Once you’re in one group, a fake profile adds you as a friend and invites you to more groups. After that, Facebook’s algorithm surrounds you with adverts, posts and other groups connected to the far right. “You get no chance of bursting that bubble,” Shapira says.
“All you see is fake news, propaganda, and hate speech,” he says. “It’s very fear-based… lots of fake news about how refugees are raping people all the time, how they’re striking down people. Lots of fake numbers and stories about how America is about to get 10 million new refugees to the country.” You get the impression that “Islamization is everywhere, even though only 5% of Germany’s population is Muslim. It’s making people really afraid of what’s coming.” (Germany’s Muslims made up about 5.4% to 5.7% of the population in 2016.)
The aftermath wasn’t pretty for Shapira. He received death threats, says someone tried to dox him (publish his private information), and he got an email from someone who had his parents’ and brother’s addresses. “These were old addresses but they weren’t anywhere on the internet. My mother was under police protection for two weeks,” he says.
Shapira isn’t new to online abuse. He hit the headlines this summer for spray-painting antisemitic slurs he’d been sent on Twitter in front of the tech giant’s German headquarters in Hamburg, protesting that he had sent official complaints about 300 of them but no action had been taken. After that piece, activists in Japan printed out hateful comments and spread them in front of Twitter’s Tokyo office. A few days before our interview, Twitter adopted a stricter policy on hate speech and speech that glorifies violence.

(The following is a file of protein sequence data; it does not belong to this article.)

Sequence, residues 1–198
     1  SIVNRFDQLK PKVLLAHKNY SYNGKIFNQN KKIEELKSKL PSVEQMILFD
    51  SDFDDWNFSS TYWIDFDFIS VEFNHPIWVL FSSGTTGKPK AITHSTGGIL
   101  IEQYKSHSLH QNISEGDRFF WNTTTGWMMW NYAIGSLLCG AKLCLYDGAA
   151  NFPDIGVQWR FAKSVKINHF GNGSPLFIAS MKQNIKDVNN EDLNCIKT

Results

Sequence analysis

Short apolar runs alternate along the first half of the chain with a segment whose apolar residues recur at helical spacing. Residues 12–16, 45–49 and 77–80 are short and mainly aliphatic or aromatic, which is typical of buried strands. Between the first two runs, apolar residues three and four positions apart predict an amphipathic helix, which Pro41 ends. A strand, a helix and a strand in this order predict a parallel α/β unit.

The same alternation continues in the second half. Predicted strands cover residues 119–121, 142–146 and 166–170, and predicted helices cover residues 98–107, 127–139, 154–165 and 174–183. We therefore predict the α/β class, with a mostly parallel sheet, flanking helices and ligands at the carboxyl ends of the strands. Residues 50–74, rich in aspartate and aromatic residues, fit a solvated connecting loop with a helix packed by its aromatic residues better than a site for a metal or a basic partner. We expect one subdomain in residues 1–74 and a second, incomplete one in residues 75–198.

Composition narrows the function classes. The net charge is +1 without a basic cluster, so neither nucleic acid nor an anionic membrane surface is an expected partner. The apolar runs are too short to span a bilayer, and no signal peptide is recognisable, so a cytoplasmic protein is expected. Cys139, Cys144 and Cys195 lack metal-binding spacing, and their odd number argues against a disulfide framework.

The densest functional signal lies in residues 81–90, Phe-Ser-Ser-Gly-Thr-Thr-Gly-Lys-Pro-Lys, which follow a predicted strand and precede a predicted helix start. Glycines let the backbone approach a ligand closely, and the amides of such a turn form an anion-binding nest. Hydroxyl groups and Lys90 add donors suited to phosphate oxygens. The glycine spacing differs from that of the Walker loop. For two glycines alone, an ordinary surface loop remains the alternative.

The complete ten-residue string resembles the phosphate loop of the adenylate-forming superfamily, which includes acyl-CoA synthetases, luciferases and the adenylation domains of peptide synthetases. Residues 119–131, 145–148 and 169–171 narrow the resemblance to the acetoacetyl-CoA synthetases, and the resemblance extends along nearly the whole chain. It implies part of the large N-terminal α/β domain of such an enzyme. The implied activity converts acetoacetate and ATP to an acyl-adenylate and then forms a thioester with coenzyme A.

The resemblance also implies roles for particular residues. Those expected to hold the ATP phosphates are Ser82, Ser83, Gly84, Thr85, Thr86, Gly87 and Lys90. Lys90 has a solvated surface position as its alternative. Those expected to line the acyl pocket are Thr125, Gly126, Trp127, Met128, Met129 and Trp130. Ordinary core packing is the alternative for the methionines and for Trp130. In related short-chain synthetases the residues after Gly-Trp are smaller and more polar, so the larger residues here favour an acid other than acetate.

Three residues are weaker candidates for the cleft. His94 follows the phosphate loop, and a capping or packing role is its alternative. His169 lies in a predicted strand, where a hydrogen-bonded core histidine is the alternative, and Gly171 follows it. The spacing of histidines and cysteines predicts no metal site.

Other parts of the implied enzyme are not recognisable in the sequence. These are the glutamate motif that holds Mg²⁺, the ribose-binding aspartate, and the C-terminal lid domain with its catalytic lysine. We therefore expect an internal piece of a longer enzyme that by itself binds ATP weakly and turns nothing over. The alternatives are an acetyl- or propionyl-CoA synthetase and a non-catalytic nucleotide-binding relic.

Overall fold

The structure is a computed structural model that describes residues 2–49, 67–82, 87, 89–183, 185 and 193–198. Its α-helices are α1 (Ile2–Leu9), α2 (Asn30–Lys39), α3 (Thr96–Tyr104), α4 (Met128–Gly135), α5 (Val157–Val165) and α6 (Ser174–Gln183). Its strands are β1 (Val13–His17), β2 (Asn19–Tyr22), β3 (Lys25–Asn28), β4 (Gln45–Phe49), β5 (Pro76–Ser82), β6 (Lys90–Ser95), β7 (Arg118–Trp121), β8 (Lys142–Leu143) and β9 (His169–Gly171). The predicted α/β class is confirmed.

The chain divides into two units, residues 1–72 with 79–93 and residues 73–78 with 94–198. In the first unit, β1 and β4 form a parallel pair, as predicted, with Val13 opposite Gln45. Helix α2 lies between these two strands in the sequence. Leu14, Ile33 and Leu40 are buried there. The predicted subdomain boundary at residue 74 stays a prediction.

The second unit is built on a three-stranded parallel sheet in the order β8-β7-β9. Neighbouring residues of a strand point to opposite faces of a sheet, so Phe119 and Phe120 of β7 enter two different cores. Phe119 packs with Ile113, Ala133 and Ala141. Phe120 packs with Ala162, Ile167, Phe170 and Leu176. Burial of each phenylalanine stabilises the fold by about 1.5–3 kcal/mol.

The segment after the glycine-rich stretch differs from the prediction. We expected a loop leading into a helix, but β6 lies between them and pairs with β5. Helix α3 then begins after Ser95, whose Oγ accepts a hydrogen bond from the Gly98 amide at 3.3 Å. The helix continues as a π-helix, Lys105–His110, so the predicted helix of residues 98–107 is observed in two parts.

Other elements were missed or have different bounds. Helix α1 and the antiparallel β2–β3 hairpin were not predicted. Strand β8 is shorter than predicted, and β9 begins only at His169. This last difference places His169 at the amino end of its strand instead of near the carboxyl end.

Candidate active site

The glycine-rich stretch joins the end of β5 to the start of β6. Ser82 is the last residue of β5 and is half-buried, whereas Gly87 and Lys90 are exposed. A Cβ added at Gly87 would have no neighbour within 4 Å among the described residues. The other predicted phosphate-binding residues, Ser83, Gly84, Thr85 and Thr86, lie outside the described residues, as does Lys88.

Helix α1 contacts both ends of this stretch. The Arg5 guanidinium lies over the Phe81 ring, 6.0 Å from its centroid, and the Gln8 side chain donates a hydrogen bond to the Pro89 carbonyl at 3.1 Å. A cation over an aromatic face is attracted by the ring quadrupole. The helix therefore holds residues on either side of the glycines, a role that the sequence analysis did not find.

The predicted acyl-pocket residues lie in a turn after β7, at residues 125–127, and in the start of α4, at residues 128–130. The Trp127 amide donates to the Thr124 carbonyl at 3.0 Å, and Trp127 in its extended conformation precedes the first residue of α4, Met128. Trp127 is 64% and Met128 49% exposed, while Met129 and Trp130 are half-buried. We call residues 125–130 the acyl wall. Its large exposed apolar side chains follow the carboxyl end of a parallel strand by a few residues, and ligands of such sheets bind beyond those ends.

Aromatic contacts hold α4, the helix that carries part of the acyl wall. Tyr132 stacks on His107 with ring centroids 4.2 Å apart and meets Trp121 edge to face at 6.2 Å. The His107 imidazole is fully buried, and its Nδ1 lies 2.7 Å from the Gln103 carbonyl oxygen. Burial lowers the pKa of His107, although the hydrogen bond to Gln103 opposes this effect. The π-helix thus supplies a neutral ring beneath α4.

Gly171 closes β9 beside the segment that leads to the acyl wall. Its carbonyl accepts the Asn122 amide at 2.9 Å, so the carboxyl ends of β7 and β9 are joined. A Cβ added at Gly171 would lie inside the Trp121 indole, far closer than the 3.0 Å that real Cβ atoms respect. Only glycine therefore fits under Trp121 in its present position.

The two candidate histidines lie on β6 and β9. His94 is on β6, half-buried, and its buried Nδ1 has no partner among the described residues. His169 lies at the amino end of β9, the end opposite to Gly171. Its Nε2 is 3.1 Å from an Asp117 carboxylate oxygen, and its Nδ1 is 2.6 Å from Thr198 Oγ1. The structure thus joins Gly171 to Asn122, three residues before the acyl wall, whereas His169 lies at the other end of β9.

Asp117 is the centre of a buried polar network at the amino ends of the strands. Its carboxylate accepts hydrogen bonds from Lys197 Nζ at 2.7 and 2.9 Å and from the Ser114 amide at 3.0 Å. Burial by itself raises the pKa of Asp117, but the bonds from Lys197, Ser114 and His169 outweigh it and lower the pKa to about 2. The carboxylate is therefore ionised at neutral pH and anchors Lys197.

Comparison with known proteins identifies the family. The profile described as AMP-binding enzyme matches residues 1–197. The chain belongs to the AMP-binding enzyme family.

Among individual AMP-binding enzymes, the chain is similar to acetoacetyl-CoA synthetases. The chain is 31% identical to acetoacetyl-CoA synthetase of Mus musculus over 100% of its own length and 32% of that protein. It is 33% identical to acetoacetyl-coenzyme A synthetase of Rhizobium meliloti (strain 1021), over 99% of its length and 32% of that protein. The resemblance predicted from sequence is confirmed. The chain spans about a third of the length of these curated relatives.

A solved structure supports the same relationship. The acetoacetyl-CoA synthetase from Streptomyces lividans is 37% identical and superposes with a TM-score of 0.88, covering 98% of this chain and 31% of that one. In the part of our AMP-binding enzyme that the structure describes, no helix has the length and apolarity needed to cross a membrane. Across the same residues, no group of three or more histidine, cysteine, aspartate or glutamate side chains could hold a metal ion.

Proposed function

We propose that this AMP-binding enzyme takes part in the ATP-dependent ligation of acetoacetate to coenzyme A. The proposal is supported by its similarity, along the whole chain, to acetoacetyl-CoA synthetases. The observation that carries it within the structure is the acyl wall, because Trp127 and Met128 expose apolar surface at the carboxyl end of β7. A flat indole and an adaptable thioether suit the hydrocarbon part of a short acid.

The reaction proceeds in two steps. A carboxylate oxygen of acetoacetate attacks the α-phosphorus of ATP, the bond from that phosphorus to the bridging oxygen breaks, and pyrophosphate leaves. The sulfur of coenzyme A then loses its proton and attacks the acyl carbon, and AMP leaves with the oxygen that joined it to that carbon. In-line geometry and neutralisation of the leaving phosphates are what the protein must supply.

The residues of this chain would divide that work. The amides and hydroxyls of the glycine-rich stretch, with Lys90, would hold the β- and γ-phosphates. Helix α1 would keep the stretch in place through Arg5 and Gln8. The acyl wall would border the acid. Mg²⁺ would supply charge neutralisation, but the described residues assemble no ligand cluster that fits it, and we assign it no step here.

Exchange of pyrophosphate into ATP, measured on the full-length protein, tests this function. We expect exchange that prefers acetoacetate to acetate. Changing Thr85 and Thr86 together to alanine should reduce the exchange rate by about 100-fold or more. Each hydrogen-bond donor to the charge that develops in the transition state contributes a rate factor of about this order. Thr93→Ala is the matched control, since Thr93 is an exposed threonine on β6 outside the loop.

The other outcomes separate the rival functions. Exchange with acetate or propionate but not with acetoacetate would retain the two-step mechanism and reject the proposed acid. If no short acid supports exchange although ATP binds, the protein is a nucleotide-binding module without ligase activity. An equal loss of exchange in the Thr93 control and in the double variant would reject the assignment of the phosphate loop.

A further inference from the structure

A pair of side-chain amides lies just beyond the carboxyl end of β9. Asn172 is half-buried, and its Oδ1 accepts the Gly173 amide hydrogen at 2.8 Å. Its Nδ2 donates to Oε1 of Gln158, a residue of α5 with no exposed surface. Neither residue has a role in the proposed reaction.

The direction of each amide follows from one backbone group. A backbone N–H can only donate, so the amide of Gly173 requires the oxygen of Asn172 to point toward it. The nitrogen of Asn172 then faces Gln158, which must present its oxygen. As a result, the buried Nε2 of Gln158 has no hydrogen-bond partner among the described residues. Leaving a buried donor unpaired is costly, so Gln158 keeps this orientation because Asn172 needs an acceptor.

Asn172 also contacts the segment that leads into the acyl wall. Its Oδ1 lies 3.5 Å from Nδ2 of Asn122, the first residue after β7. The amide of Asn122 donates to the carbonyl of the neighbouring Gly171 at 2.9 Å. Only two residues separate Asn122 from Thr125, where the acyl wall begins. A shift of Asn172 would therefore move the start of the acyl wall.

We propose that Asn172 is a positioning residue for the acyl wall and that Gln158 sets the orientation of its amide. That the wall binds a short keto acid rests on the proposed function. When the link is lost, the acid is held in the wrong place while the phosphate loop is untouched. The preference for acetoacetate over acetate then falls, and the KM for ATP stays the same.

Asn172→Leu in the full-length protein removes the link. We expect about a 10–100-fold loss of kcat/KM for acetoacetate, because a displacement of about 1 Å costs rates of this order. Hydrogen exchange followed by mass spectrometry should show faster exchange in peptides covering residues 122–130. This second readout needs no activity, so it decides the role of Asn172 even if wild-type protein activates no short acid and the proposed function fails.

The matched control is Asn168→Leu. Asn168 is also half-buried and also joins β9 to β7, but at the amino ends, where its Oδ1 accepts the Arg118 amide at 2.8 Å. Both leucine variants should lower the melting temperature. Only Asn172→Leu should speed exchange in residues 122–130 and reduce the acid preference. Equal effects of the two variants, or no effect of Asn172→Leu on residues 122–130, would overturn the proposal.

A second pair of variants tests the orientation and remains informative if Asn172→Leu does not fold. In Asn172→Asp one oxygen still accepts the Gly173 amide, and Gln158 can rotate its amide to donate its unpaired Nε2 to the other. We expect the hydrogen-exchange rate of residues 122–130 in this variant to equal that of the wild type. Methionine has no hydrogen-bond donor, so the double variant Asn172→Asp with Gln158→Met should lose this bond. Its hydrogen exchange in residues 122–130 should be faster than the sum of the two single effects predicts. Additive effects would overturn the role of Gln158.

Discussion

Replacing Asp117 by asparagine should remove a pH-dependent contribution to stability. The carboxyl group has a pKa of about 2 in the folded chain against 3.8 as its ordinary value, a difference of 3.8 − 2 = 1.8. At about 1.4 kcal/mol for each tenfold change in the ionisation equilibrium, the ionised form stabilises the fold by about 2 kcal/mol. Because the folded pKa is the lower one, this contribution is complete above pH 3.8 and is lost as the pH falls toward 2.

“When people threaten your mom that’s where it starts turning into a problem—on the other hand, I’m not gonna let people shut me up, especially not neo-Nazis, or racists or fascists,” Shapira says. “My mom’s also not a big fan of keeping quiet just because Nazis want us to. We’re not afraid.”
The language of the internet
Shapira first gained international attention with his Yolocaust project in January 2017. Troubled by the trend of people taking selfies in front of Berlin’s Holocaust memorial, he took 12 of the most egregious from Instagram and photoshopped actual images of the Holocaust onto the background. The resulting collages were horrifying and the site went viral. Within a few days, all 12 offenders had written to him (at email@example.com) apologizing and asking to be removed. Satisfied that he’d caused enough of a ruckus, Shapira took the photos down (you can still see them at other sites).
The comedian-cum-artist attributes his knack for attention-grabbing projects to his previous career. “Lots of techniques I’m using now I learned in advertising,” he says. “I’m just a little bit more sophisticated than most people [at understanding the internet] but not especially… I know how comedy works, because I worked with it in advertising. I know what people don’t want to see or hear.”
As for what’s next: Shapira has a stand-up tour in 2018 and is surreptitiously plotting his next big prank. “There’s an organization I have in mind which someone needs to piss on their back a little bit, but I’m not going to tell who they are because I want it to be a surprise,” he says. “It’s a very big, powerful organization, so it’s gonna be tough—so let’s see.”